Home » Lexington-based Space Tango facilitates Budweiser payload on NASA mission

Lexington-based Space Tango facilitates Budweiser payload on NASA mission

Microgravity research payloads yield data to improve life on earth

CAPE CANAVERAL, Fla. (Dec. 15, 2017) — Lexington-based Space Tango, Inc. launched an Anheuser-Busch research payload on today aboard a SpaceX Falcon 9 for the NASA Commercial Resupply Services-13 (CRS-13) mission. Additional payloads from Zaiput and Biorasis, Inc., as well as two experiments from Space Tango, will yield data that could improve life on Earth.

Anheuser-Busch, Zaiput, and Biorasis, Inc. each present a unique application and use of the microgravity environment to yield data that can be proven beneficial on Earth. In addition to working towards the goal of becoming the first beer brewed on Mars, Anheuser-Busch’s’ barley seed experimentation will provide valuable information on the production of barley for the agricultural community here on Earth.

Similarly, Zaiput will be able explore the role of microgravity to further develop and refine their unique process of liquid-liquid extraction that relies on surface forces. Biorasis, Inc. will use the simplistic text environment provided by microgravity to help monitor the role of diffusion in glucose transport. This may allow Biorasis to improve the accuracy of medically implantable glucose biosensors (Glucowizzard™) and provide a more reliable product for the diabetic community.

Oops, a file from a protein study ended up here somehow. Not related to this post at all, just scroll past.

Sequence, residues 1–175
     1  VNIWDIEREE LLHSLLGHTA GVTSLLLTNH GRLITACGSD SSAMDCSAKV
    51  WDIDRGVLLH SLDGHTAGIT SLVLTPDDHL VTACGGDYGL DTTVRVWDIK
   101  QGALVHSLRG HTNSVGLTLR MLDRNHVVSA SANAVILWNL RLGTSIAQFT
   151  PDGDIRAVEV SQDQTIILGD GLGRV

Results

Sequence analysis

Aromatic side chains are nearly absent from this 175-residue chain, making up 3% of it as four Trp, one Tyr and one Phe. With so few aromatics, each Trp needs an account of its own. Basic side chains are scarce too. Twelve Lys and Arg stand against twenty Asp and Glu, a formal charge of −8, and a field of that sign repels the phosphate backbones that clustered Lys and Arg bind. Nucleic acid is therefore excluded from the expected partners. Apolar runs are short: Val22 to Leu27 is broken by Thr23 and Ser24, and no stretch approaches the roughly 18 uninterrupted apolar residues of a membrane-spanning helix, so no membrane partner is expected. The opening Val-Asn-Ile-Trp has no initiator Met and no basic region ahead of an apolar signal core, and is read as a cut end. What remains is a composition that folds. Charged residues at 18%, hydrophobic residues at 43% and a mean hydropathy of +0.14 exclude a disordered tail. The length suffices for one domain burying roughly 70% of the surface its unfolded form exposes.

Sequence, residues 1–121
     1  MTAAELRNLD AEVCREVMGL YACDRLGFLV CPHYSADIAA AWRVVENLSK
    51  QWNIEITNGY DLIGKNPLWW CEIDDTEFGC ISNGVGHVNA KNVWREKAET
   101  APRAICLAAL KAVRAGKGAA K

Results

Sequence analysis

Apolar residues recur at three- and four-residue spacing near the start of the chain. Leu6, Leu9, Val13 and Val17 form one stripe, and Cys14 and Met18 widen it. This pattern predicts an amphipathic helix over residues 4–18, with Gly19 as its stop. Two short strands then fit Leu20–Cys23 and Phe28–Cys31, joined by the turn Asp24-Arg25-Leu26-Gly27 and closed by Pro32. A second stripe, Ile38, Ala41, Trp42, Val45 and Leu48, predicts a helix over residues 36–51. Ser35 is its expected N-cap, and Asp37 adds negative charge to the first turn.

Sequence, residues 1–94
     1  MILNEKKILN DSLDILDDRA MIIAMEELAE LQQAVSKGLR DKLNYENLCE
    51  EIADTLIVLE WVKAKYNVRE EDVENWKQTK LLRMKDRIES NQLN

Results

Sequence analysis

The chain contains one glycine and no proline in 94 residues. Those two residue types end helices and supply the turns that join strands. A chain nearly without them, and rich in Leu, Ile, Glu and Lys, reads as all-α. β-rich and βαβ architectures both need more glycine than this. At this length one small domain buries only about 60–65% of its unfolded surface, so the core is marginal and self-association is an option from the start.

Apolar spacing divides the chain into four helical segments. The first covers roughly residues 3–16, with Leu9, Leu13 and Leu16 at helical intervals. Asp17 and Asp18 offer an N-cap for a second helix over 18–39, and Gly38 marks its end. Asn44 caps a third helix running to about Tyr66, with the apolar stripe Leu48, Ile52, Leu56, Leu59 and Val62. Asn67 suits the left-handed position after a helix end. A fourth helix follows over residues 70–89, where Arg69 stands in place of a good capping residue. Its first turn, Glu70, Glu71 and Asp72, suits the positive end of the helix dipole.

“These use-cases highlight the opportunity for companies to drive innovation with Space Tango’s expanding capabilities on station,” commented Space Tango CEO Twyman Clements. “Thanks to the continuing support from CASIS, we not only make microgravity research accessible, but we make it easy.”

Among the commercial research flown on CRS-13, Space Tango will also be conducting experiments on Chaos carolinensis and E. coli to support future commercial research opportunities.

The SpaceX CRS-13 mission is Space Tango’s fourth customer flight to the International Space Station in 2017. Used across a variety of research areas, over two dozen CubeLab modules have flown to the International Space Station throughout this past year.